Because of the plastic materials light weight, the tile may be shipped with a significant savings in transportation expenses. Moreover, a plastic material such as polyethylene or polypropylene when corrugated is relatively flexible which allows it to bend and thus negotiate curves without the use of elbows or other expensive fittings. The ease in handling and installation also makes the light plastic tubing extremely desirable for the small contractor or residential user.
Since clay tile does not have the advantage of effective deflection, it must have an extremely high loadbearing strength. Presently, clay tile are constructed to withstand approximately 1,000 pounds per lineal foot. Since plastic drain tile will deflect very noticeably without harmful effects to thereby provide a full or continuous support along the length thereof, the effec tive load-bearing strength of the plastic tile is greatly increased per unit of material. The actual strength of the tile will be determined by the wall thickness, tube dimensions, the corrugation design, and the material used. Well known polymers such as polyethylene, polypropylene, polyvinyl chloride, etc. may be used.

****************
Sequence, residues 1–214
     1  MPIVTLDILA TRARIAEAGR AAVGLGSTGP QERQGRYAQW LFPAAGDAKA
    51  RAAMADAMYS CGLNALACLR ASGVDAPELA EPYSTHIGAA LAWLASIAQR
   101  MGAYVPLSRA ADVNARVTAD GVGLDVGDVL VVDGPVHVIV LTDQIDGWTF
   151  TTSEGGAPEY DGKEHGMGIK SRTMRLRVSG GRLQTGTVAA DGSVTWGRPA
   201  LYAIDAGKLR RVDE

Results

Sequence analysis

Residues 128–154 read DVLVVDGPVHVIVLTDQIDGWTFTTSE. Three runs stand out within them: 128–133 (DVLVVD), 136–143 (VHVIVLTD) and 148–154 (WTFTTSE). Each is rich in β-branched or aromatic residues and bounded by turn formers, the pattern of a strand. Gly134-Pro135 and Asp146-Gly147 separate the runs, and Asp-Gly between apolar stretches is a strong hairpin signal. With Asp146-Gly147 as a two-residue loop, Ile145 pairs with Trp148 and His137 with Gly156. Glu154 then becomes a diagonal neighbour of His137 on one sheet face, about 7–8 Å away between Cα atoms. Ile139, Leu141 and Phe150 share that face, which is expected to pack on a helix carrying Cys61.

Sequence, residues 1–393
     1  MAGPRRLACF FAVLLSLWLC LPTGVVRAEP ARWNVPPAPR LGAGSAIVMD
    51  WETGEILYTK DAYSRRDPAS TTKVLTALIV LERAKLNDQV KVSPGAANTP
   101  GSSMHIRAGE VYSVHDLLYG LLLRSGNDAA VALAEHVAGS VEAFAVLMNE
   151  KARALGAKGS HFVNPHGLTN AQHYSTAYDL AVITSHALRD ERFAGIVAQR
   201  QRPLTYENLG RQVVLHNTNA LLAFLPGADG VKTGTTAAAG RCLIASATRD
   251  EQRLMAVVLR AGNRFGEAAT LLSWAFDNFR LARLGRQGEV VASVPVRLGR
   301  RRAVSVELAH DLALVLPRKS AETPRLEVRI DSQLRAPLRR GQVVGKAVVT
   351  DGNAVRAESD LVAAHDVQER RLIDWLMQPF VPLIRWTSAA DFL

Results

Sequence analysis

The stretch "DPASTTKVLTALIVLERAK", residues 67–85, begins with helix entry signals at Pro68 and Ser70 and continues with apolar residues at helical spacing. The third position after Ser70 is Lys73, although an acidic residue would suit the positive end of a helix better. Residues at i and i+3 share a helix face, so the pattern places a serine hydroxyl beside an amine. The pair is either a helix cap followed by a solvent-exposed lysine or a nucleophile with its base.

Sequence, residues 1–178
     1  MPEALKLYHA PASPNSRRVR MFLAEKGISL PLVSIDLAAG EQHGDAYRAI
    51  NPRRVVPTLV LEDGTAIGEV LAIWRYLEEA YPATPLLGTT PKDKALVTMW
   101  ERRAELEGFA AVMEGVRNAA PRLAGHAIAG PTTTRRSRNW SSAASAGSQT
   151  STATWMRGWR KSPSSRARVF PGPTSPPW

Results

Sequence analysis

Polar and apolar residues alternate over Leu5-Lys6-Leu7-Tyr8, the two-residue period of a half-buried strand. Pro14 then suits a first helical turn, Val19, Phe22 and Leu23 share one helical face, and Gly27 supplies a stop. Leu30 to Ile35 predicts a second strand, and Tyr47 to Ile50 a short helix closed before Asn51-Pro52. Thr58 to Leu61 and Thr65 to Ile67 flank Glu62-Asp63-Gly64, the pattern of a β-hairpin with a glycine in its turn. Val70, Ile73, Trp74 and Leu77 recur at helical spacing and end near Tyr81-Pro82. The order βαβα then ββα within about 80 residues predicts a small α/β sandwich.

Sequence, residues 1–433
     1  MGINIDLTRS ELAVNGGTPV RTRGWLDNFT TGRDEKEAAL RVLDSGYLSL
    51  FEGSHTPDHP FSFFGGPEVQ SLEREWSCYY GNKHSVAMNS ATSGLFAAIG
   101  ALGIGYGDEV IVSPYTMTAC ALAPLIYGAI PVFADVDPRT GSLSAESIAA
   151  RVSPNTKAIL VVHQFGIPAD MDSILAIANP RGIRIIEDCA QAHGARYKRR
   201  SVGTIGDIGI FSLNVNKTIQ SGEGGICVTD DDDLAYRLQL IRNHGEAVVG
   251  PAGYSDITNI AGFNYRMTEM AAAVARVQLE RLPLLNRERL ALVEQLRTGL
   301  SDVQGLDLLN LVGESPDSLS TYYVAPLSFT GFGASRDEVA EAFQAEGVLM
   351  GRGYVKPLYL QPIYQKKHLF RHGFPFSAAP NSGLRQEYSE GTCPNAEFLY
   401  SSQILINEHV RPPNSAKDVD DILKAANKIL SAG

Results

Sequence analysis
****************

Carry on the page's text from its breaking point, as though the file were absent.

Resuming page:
The present invention proposes that the corrugations, as used in conjunction with a generally arch shaped section of the tube, have a minor diameter section or root and major diameter section or crest connected by a corrugation wall. Openings for ingress of water are preferably placed in the corrugation wall near the neutral axis. In this manner, the maximum structural integrity of the tile is maintained. It is anticipated, however, that the openings may be placed elsewhere on the tube, such as in the root of the corrugations.